Iceman #5 Review: Came For The Juggernaut, Stayed For The Emotional Intensity

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Iceman #5 Review: Came For The Juggernaut, Stayed For The Emotional Intensity

The Juggernaut is among my favorite Marvel characters. As a villain, a hero, an anti-hero, Cain Marko looms very close to my heart. He's a brute, but he's smart and self-aware. He struggles against the demon that gives him power, he's tried to do good with the strength given to him by Cytorrak, but he still functions as an immensely powerful bad guy when you need him to be. I prefer him as a redemption-focused character, but he is still cool as a rogue. And I LOVED him as a Thunderbolt.

That's why I decided to pick up Iceman #5. I was not prepared for what I'd actually get.

Bobby Drake has come out to his traditionalist parents. They're on the verge of a meltdown, and Bobby is trying not to do the same while explaining everything to them.

Unfortunately, the Juggernaut is in town looking to settle a score with the young X-Men: Blue team (not realizing they now live in Madripoor).

Can Iceman settle things with his parents, or will he be crushed by the Juggernaut before that can happen. Which fate would he even prefer at this point?

This is an emotional heavyweight of a comic, and it handles itself with the skill and balance of an old-industry pro. What Sina Grace accomplishes here cannot be overstated; this is a brilliant damn comic.

The confrontation between Bobby Drake and his parents has an intensity that is more threatening than the return of the Unstoppable Juggernaut himself.

It's all so palpable; so real. The dialogue between Bobby and his mother and father sounds like a thousand such conversations between queer children and their parents.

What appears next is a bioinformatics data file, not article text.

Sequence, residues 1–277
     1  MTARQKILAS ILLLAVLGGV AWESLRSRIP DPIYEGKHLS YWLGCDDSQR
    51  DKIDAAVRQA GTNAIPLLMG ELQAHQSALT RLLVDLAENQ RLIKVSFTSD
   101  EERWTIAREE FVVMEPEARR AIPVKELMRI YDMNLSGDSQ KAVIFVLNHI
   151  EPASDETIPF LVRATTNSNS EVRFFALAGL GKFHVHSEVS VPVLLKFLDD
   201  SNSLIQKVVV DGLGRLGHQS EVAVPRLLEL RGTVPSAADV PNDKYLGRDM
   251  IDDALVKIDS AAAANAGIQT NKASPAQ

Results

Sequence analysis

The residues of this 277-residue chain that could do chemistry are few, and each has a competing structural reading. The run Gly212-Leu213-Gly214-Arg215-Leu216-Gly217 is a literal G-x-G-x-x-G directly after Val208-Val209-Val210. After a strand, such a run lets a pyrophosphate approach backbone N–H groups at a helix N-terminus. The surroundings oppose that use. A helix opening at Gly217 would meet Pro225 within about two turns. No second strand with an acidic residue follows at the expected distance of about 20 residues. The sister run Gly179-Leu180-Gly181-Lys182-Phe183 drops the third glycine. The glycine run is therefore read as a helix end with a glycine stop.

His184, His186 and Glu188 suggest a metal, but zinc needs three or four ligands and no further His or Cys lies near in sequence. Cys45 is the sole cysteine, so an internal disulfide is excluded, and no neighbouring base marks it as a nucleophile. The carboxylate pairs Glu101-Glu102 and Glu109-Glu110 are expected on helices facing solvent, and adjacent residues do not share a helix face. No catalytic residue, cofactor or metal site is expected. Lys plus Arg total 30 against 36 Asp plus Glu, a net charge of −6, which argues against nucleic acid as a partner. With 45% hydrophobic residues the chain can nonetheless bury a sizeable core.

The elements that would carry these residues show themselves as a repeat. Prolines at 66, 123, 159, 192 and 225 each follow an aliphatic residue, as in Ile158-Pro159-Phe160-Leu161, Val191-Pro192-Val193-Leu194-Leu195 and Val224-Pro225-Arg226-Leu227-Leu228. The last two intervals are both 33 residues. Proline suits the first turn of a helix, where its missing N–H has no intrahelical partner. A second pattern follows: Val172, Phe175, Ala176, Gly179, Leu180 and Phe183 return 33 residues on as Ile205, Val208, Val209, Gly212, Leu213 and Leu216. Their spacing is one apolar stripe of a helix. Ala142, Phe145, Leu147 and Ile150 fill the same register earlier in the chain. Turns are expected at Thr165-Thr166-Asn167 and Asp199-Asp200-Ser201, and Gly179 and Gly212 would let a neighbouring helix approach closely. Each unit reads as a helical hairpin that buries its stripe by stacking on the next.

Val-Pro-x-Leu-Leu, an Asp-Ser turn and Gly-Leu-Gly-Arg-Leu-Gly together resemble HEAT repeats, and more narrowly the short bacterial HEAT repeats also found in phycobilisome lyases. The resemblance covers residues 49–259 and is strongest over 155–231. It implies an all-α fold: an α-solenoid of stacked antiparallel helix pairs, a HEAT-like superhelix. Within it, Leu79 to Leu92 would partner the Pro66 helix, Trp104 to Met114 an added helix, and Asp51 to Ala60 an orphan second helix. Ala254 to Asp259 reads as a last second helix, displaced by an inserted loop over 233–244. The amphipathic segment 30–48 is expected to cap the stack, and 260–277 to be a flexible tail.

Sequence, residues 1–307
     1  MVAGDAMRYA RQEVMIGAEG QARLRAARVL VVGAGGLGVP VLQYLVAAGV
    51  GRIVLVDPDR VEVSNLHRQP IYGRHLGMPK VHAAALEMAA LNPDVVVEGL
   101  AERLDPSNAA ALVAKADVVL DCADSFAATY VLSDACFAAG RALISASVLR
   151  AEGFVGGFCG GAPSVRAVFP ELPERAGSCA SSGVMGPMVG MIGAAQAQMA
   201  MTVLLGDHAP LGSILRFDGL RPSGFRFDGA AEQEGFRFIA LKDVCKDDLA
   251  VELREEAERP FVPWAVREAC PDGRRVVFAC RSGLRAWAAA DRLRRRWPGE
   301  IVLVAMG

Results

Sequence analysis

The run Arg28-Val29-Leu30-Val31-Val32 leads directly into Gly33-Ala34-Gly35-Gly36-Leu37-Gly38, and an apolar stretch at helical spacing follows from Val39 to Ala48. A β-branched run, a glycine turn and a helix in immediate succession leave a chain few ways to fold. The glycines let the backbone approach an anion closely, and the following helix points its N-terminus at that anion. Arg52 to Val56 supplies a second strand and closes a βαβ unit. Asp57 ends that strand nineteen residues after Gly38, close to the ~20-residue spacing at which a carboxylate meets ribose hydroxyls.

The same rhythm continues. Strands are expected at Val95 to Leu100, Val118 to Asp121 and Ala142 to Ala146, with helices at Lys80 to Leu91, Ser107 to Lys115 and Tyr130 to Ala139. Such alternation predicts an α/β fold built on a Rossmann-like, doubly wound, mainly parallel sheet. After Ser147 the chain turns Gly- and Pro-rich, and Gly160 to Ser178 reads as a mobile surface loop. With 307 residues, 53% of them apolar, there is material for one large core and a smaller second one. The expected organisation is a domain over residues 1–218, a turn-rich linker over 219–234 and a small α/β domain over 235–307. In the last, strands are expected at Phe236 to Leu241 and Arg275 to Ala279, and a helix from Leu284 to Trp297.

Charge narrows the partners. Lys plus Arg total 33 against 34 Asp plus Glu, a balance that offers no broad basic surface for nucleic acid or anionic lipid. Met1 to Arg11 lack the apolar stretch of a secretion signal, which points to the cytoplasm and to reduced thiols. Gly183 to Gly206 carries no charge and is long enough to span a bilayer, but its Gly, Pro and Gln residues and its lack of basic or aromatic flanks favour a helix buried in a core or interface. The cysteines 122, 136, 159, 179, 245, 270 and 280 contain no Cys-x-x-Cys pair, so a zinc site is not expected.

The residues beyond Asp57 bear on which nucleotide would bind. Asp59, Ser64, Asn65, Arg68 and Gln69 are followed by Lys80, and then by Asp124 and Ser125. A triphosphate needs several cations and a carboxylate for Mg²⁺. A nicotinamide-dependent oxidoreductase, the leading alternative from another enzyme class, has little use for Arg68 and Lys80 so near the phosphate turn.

One of my oldest and closest friends was forced to come out by his snooping religious fundamentalist parents, and let me tell you, this gave me flashbacks to the things they said to him. I was on the verge of tears.

Iceman #5 Review: Came For The Juggernaut, Stayed For The Emotional Intensity

Yet, it doesn't go out of its way to demonize the Drakes. They're allowed sympathetic moments, and the comic gives panel space to their views and confusion. They say some rancid things, but the comic doesn't hate them for it, and doesn't expect you to, either.

The following fight between Iceman and the Juggernaut gave some additional catharsis that this situation needed. It also gave Alessandro Vitti and Rachelle Rosenberg some space to get really creative with Iceman's growing omega-level powers. He gets to do some cool stuff in this comic.

The detail and styling on display works really well for the plot. The aesthetic looks gritty and drained, and it fits the emotional atmosphere of the proceedings.

The parallels between Iceman's self-discovery and his growing powers is a creative and narratively concise means of developing this X-Man. It's one of those seemingly small details that helps the comic work as well as it does.

It is a little disappointing to see Juggernaut reduced to a near-two-dimensional brute while saying "fake news" at one point, but, even as a Juggernaut fan, I can understand giving him some breathing room would subtract from the more important and pressing narrative taking place between Iceman and his parents.

This is one of the most socially relevant comics I've read in some time. As yet another straight, white, cis, male maybe I'm not qualified to say this, but Joe Glass's glowing review allows me to feel confident in saying that this is a skillful encapsulation of the struggles of a LGBTQ+ youth having to struggle with their traditionalist parents. This comic deserves to be supported. Pick it up.

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About Joshua Davison

Josh is a longtime super hero comic fan and an aspiring comic book and fiction writer himself. He also trades in videogames, Star Wars, and Magic: The Gathering, and he is also a budding film buff. He's always been a huge nerd, and he hopes to contribute something of worth to the wider geek culture conversation. He is also happy to announce that he is the new Reviews Editor for Bleeding Cool. Follow on Twitter @joshdavisonbolt.
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